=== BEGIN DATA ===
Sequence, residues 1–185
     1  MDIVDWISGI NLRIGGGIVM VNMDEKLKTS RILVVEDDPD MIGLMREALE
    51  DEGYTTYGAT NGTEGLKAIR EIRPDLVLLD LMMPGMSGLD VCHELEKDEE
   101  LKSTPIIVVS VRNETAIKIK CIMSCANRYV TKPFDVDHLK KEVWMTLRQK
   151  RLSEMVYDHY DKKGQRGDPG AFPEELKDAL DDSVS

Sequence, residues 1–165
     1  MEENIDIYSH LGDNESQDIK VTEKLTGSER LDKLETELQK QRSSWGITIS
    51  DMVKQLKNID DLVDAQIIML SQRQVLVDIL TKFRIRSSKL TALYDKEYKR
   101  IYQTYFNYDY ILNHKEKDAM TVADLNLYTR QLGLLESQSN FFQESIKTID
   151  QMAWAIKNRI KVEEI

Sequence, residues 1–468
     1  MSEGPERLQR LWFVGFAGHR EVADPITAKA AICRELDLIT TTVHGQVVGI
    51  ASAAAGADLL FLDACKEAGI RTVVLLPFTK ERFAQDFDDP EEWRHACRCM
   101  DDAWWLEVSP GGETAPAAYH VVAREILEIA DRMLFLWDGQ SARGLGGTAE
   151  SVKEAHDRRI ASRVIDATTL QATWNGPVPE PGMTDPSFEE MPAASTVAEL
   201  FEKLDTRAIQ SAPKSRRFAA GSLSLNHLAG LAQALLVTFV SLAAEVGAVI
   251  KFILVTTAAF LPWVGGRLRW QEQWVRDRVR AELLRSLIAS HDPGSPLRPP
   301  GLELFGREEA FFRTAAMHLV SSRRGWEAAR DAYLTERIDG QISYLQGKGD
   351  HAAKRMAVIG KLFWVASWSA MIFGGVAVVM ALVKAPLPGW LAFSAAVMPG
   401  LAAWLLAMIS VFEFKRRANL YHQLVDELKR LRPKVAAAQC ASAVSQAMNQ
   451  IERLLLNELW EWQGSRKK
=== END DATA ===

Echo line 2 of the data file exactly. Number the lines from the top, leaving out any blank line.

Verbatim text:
     1  MDIVDWISGI NLRIGGGIVM VNMDEKLKTS RILVVEDDPD MIGLMREALE